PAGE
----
Yesterday, the U.S. Department of Education’s Office of Civil Rights released a data set — the most comprehensive to date — documenting student access to advanced classes and special programs in public high schools. Shorthanded as the Civil Rights survey, the information tracks the availability of offerings, like Advanced Placement courses, gifted-and-talented programs, and higher-level math and science classes, that studies suggest are important factors for educational attainment — and for success later in life.
ProPublica reporters used the Ed data to produce a story package, “The Opportunity Gap,” that analyzes the OCR info and other federal education data; their analysis found among other things that, overall and unsurprisingly, high-poverty schools are less likely than their wealthier counterparts to have students enrolled in those beneficial programs. The achievement gap, the data suggest, isn’t just about students’ educational attainment; it’s also about the educational opportunities provided to those students in the first place. And it’s individual states that are making the policy decisions that affect the quality of those opportunities. ProPublica’s analysis, says senior editor Eric Umansky, is aimed at answering one key question: “Are states giving their kids a fair shake?”
The fact that the OCR data set is relatively comprehensive — reporting on districts with more than 3,000 students, it covers 85,000 schools, and around 75 percent of all public high schoolers in the U.S. — means that the OCR data set is also enormous. And while ProPublica’s text-based takes on the info have done precisely the thing you’d want them to do — find surprises, find trends, make it meaningful, make it human — the outfit’s reporters wanted to go beyond the database-to-narrative formula with the OCR trove. Their solution: a news app that encourages, even more than your typical app, public participation. And that looks to Facebook for social integration.
The app focuses on measuring equal access on a broad scale: It tracks not only the educational opportunities provided by each school, but also breakdowns of students’ race, disability status, gender, and English proficiency. It also highlights the percentage of teachers with two years’ experience or less — who, as a group, tend to effect smaller achievement gains than their more experienced counterparts — and the percentage of students who receive free or reduced-price school lunch, an indicator of poverty. (More on the developers’ methodology here.)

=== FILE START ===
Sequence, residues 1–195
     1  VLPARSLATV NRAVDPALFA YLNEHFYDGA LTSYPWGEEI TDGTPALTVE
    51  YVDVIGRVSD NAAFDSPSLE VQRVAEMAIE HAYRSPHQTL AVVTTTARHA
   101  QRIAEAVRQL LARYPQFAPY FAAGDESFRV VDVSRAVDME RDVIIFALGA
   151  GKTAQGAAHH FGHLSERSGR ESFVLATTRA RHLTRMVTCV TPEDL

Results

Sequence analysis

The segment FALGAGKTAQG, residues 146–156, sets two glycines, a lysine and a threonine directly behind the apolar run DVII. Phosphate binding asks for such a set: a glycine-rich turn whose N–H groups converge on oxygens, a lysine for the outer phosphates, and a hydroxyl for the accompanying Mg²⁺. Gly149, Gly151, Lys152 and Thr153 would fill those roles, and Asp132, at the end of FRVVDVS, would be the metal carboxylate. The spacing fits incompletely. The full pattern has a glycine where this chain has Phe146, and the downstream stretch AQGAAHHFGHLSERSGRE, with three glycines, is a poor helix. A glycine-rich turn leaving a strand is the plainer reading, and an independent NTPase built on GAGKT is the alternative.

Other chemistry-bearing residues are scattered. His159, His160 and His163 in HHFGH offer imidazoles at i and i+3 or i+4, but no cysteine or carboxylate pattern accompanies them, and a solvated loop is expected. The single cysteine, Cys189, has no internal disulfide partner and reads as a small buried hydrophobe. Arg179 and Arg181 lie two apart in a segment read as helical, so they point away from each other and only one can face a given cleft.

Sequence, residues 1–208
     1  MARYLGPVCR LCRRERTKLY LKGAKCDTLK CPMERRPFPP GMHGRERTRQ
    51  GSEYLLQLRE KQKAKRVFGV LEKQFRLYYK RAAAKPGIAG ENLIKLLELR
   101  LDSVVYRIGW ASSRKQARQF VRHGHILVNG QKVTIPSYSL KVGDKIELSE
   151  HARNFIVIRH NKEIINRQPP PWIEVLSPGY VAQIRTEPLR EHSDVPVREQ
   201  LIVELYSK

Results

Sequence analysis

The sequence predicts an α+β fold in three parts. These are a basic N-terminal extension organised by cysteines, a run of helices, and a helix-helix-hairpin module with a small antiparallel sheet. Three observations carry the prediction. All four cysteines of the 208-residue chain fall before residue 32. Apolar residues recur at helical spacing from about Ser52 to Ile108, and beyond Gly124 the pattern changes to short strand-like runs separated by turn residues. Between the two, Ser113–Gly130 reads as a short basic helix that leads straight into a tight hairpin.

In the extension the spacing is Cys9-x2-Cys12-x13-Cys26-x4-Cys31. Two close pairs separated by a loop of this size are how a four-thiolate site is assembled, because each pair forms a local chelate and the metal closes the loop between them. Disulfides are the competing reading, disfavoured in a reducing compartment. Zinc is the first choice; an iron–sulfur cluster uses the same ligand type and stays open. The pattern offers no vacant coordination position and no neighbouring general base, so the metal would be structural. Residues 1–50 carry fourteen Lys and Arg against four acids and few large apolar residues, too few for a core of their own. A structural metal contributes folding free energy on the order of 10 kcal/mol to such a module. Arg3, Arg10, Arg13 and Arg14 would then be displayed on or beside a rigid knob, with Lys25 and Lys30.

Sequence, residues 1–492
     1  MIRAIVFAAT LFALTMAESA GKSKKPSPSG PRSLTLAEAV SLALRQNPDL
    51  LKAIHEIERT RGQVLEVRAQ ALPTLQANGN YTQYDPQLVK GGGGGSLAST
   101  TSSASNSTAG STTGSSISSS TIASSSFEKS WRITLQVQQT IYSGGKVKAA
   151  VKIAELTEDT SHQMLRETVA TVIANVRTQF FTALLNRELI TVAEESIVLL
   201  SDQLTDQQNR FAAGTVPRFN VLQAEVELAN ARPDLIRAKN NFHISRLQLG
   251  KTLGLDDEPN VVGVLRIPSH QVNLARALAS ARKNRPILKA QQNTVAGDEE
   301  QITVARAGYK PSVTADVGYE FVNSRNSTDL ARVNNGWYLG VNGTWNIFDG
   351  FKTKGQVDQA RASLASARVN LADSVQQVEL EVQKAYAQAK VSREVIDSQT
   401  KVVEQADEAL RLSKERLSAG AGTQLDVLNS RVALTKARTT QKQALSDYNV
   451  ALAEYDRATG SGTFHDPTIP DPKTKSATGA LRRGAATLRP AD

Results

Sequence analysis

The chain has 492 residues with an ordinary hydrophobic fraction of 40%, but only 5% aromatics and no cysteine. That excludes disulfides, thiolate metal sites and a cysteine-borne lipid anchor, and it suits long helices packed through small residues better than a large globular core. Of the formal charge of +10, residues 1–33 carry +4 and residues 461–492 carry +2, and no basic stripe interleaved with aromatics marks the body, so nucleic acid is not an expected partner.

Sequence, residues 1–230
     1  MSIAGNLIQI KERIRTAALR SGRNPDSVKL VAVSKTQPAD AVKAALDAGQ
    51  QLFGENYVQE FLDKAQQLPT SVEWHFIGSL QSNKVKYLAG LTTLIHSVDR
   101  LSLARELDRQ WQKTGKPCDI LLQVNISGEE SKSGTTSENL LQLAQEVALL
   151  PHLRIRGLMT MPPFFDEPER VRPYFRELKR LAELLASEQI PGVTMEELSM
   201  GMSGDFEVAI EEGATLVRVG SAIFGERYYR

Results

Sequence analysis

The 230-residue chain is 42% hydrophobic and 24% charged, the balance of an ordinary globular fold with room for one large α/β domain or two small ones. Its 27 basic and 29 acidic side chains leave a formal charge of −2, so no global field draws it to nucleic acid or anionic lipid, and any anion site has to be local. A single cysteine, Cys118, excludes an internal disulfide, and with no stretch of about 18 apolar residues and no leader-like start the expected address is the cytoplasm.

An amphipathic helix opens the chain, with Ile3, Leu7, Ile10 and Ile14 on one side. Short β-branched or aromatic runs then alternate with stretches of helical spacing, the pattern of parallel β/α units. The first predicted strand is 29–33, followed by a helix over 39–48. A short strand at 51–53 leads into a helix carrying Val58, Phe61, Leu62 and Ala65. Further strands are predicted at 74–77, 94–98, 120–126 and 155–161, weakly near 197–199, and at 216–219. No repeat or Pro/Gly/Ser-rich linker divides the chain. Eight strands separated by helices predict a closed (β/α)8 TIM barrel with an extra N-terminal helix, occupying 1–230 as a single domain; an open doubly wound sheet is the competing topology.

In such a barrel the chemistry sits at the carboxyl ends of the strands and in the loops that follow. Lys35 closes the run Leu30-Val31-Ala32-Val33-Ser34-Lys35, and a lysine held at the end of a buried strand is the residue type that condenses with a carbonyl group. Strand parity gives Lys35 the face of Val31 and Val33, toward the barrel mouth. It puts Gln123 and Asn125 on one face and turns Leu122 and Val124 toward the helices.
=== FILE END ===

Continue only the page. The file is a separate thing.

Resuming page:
ProPublica leads the field in developing news apps; each one demands a unique strategy for determining how users will actually navigate — and benefit from — the app’s interface. With this one, “we were focusing a lot more on what behaviors we wanted to encourage,” says Scott Klein, ProPublica’s editor of news applications. ProPublica is constantly thinking about how to organize reporters, both within and outside of its newsroom, around its stories, notes Amanda Michel, ProPublica’s director of distributed reporting. “Here, we wanted to take it one step further.”
With that in mind, the app invites both macro and micro analysis, with an implicit focus on personal relevance: You can parse the data by state, or you can drill down to individual schools and districts — the high school you went to, or the one that’s in your neighborhood. And then, even more intriguingly, you can compare schools according to geographical proximity and/or the relative wealth and poverty of their student bodies. (Cambridge Rindge and Latin School, just down the street from the Lab, has 1,585 students, 38 percent of whom receive a free or reduced-price lunch; Medfield Senior High, a few miles southwest of Cambridge, has 920 students and a 1-percent free/reduced lunch rate. Twenty-four percent of Rindge and Latin’s students are enrolled in advanced math courses; for Medfield High, the rate is 42 percent. Compare that to Health and Human Services High School in Lawrence, which has 89 percent of its students on free or reduced-price lunch — and an advanced-math-enrollee rate of 4 percent.)
“It really is an auto-story generator,” Umansky says.
And it produces the kind of stories and stats people want to share, probably with some kind of “!!!” notation. And sharing — the Facebook aspect of the app — is a big part of the behavior ProPublica’s news apps team wanted to encourage for its users. They considered social integration from a structural perspective, notes Al Shaw, the developer who authored the app, and worked with Vadim Lavrusik, Facebook’s Journalist Program Manager, to optimize the app-to-Facebook interface. One small-but-key feature: With that integration, users who are signed into Facebook can generate an individual URL for each cluster of data they dig up — the Cambridge-versus-Medfield-versus-Lawrence comparison, say — to make sharing and referencing the data almost seamless. The resulting page has a “share on Facebook” button along with a note: “Use this hashtag to share your insights on Twitter: #myschoolyourschool.”
The ed-data app isn’t social for its own sake; instead, it serves the broad and sometimes nebulous goal of having impact — on both a personal and a policy level. “We invest so much time into acquiring data and cleaning data and making sense of data,” Michel notes; ultimately, though, data doesn’t mean much unless people can understand how it immediately affects them, their communities, their kids. Its newest app, Michel says, is part of ProPublica’s broader strategy: to make data, overall, more social. (They’d like to do a similar integration with Twitter, too, she says.) The point is to find ways to marry social and story, to turn online interactions into their own kind of data sets — so, she says, “people can layer their stories on top of them.”